The Kendriya Vidyalaya Sangathan, which translates to'Central School Organisation', oversees the functioning of the schools with its headquarters in New Delhi. The administration of this body is based on levels; the chairman of Kendriya Vidyalaya Sangathan is always the Minister in Charge of Human Resource Development of the Government of India. The real working power lies with the Commissioner of KVS; the head of a KVS region is Deputy Commissioner accompanied by an Assistant Commissioner. There are individual principals of every KV administrating the schools along with a Vice-Principal, Head Master/ Mistress; the Vidyalaya has several committees for the holistic development of the students and well maintenance of the school compound and system. The most important one is the VMC, the head of all committees; as of March 2018, there were 1,183 schools named Kendriya Vidyalayas. Kendriya Vidyalaya is one of the longest school chain in world with 1,137 schools in India and three operated abroad. A total of 1,227,951 students and 56,445 employees were on the rolls.
These were divided among 25 regions, each headed by a deputy commissioner. The three Kendriya Vidyalayas outside India are in Kathmandu and Tehran, they are intended for children of Indian embassy staff and other expatriate employees of the government of India. One school in Tshimalakha, was transferred to the Bhutanese government, thus ceasing to be a Kendriya Vidyalaya in 1989, after one of the major Indo-Bhutan projects was near completion. Indian government employees were transferred back to their own country. Kendriya Vidyalaya Students All the schools share a common syllabus and offer bilingual instruction, in English and Hindi, they are co-educational. Sanskrit is taught as a compulsory subject from classes VI to VIII and as an optional subject until class XII. Students in classes VI to VIII could study the German language until November 2014, when the scheme was discontinued, but was again re continued and is available in some schools until class 10. In Moscow, students are given an opportunity to choose French or Russian as their third or second language.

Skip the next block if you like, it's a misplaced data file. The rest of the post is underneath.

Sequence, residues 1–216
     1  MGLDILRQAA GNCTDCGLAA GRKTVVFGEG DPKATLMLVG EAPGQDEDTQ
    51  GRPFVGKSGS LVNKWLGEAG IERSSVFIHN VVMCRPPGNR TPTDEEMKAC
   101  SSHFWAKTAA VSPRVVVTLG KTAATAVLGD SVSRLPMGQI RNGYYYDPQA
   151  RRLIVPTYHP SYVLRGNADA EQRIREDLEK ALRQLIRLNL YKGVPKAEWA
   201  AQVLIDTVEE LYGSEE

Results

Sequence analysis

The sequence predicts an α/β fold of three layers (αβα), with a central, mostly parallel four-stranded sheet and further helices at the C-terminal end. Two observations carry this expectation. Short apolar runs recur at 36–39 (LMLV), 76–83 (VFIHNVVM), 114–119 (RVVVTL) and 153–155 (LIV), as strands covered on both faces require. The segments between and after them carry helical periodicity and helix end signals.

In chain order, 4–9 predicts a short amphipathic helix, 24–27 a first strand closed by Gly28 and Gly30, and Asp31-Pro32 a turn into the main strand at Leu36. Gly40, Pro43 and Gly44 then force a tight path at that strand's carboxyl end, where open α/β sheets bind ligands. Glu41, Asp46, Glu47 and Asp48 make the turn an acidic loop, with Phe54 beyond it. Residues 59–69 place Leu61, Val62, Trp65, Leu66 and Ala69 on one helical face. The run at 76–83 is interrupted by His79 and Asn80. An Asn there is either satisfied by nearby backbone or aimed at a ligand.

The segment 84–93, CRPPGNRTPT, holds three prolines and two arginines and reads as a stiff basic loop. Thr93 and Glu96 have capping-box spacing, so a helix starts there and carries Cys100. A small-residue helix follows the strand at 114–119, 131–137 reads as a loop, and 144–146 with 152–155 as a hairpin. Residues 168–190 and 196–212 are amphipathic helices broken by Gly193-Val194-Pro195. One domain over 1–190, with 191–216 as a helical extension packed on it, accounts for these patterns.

Tuition fees are charged for Kendriya Vidyalaya students have to pay the school development fund, with the proceeds spent on the development of that particular school. Students from Scheduled Castes and Scheduled Tribes and children of KVS employees are exempt from tuition fees. Girls who are their parents' only child from class& VI onward are exempt from tuition and school development fund. All members of parliament could recommend up to six students from their constituency for admission to a Kendriya Vidyalaya. From the academic session 2016-17, the quota has been increased to 10 students; the Quality Council of India has accredited two of KV RK Puram and KV IIT Powai. List of Kendriya Vidyalayas Media related to Kendriya Vidyalaya at Wikimedia Commons
The Hoysala Empire was a Kannadiga power originating from the Indian subcontinent, that ruled most of what is now Karnataka, between the 10th and the 14th centuries. The capital of the Hoysalas was located at Belur but was moved to Halebidu; the Hoysala rulers were from Malenadu, an elevated region in the Western Ghats. In the 12th century, taking advantage of the internecine warfare between the Western Chalukya Empire and Kalachuris of Kalyani, they annexed areas of present-day Karnataka and the fertile areas north of the Kaveri delta in present-day Tamil Nadu. By the 13th century, they governed most of Karnataka, minor parts of Tamil Nadu and parts of western Andhra Pradesh and Telangana in the Deccan Plateau; the Hoysala era was an important period in the development of art and religion in South India. The empire is remembered today for Hoysala architecture. Over a hundred surviving temples are scattered across Karnataka. Well known temples "which exhibit an amazing display of sculptural exuberance" include the Chennakeshava Temple, the Hoysaleswara Temple and the Chennakesava Temple, Somanathapura.